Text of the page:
Keep in mind that using heat protectant doesn’t completely prevent heat damage, especially if you’re styling often. If your hair feels like straw, or is breaking off more than usual, you may be dealing with heat damaged hair. At this point, it’s time for some TLC!
Are heat protectants bad for hair?
However, as effective as hot tools are, the heat can damage the hair if not used correctly. One study on flat irons found that thermally stressing the hair led to a significant increase in hair breakage, which is why professionals and novices often turn to heat protectants before styling their hair.
Can you use too much heat protectant?
If your hair is thicker, you may want to re-spritz. If you have thin hair, avoid applying too much of the spray. While a heat protectant spray is your thermal defence, too much of the accumulated product is not good for your hair.
Does straightening your hair with heat protectant damage it?
ARE HEAT PROTECTANTS BAD FOR YOUR HAIR? No, heat protectant is not bad for your hair. In fact, it helps prevent damage, which is just the opposite. The only concern you may need to have with heat protectant is that over time, it can cause buildup.
Is heat protectant spray necessary?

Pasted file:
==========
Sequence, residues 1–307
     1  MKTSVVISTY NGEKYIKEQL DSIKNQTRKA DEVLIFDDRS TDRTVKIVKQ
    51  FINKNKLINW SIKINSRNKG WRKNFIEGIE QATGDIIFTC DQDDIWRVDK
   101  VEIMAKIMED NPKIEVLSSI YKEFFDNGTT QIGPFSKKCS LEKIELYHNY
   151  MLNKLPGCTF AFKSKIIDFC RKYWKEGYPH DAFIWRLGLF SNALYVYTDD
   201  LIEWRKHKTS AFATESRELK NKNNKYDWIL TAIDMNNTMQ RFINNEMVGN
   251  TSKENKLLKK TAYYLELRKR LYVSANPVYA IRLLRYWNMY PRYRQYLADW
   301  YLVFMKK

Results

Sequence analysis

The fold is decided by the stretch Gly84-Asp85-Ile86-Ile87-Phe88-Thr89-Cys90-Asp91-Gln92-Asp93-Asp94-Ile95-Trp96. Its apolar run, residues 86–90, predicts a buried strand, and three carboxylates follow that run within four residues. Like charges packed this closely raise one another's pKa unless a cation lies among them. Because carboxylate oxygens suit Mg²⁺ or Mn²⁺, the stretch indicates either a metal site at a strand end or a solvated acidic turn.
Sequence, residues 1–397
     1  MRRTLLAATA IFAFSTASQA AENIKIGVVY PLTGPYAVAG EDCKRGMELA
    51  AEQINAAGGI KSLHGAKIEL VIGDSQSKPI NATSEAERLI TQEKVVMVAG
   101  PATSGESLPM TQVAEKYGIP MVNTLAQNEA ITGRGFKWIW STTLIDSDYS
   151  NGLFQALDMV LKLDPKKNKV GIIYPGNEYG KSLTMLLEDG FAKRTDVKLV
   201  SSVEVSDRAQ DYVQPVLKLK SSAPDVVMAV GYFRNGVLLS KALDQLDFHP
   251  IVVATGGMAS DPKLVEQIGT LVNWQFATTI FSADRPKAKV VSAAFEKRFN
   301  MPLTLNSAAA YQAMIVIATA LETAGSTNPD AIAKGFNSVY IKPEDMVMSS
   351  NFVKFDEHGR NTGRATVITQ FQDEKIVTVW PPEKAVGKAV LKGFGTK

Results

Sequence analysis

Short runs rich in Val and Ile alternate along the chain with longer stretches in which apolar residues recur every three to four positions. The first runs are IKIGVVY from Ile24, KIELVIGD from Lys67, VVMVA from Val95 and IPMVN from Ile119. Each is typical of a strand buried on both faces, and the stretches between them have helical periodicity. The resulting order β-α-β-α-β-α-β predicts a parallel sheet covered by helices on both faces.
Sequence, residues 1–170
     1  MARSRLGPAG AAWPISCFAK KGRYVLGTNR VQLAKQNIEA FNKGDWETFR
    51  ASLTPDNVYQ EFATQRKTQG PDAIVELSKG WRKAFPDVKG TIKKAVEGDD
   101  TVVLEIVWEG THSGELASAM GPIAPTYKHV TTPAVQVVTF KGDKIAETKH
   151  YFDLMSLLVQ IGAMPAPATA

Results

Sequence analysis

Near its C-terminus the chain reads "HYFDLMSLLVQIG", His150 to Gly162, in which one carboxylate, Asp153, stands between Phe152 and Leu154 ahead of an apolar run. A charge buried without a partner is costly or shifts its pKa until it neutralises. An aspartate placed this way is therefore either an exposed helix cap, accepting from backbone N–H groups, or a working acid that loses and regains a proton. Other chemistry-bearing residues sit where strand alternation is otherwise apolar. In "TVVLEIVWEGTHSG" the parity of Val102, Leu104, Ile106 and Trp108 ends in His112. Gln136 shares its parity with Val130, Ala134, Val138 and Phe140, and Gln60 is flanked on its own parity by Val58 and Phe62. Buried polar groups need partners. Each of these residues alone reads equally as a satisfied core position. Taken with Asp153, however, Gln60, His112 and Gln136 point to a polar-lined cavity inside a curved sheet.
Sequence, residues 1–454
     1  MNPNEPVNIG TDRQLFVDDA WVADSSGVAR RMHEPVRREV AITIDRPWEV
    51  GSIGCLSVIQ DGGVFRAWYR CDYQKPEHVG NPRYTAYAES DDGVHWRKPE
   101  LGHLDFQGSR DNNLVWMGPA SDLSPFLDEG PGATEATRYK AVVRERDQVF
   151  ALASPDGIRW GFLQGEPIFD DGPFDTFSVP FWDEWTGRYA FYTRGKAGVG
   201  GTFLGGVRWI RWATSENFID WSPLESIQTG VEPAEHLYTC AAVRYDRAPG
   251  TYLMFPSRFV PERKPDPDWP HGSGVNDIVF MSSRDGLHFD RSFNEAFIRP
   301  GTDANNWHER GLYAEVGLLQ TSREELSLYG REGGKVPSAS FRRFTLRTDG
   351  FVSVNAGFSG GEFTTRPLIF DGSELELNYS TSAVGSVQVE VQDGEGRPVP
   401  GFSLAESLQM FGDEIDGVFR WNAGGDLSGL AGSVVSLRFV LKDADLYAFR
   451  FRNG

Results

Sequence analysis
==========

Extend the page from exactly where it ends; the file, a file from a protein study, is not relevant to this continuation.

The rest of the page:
Are styling products that claim to protect your hair from heat really necessary or worth the trouble? The resounding answer is yes, and yes, especially if your blow-dryer is one of your prized possessions. If you use irons to curl or straighten, then there’s no doubt about your need for heat protectant spray.
What can I use instead of heat protectant?
Now, let’s see these heat protectant substitutes first.
- Argan oil. Made from the natural kernels on the argan tree, argan oil is a type of natural oil that is commonly used as a protector for heat. …
- Shea Butter. If you are tired of using those heat protectants with silicones, shea butter can help. …
- Coconut Oil. …
- Almond Oil.
What is a good natural heat protectant for hair?
Natural Heat Protectants to use with Flat Irons for Hair
- Choosing an oil. It can be tempting to just pick up and use whatever oil is lying around the house, but for full heat protection from flat irons only certain natural oils will do. …
- Argan Oil. …
- Coconut Oil. …
- Shea Butter. …
- Grape seed Oil. …
- Almond Oil. …
- Avocado Oil.
Do you put heat protectant on wet or dry hair?
Depending on the type of heat protectant, you may apply it on damp hair or dry hair before using any hot tools, including blow dryers, curling irons, and straightening irons. Apply section by section, and comb through to distribute the product evenly.
Should you wait for heat protectant to dry before straightening?
That sizzling sound can be caused by either the hair still being wet from the wash or it’s because there is moisture left by the heat protector. Hair should be completed dry from the wash and the heat protectant should be completely dry as well before the straightening begins.
What happens if you straighten your hair without heat protectant?
Straightening dirty hair with a flat iron will only “cook” oil and dirt in, which will lead to more damage. … Without being able to control how hot your iron is, you won’t be able to adjust heat according to your hair’s specific needs. Using too-high heat, even just once a week, will still lead to dryness and damage.